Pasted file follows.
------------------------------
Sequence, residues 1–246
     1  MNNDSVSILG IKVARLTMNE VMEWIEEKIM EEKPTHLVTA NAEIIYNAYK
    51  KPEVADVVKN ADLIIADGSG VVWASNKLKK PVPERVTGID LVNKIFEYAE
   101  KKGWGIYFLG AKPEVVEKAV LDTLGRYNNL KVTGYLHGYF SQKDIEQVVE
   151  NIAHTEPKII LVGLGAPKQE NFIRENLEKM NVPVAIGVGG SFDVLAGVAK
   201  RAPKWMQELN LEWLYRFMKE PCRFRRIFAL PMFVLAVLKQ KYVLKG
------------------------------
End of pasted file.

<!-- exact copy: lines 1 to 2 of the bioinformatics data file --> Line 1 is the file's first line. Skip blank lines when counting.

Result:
Sequence, residues 1–246
     1  MNNDSVSILG IKVARLTMNE VMEWIEEKIM EEKPTHLVTA NAEIIYNAYK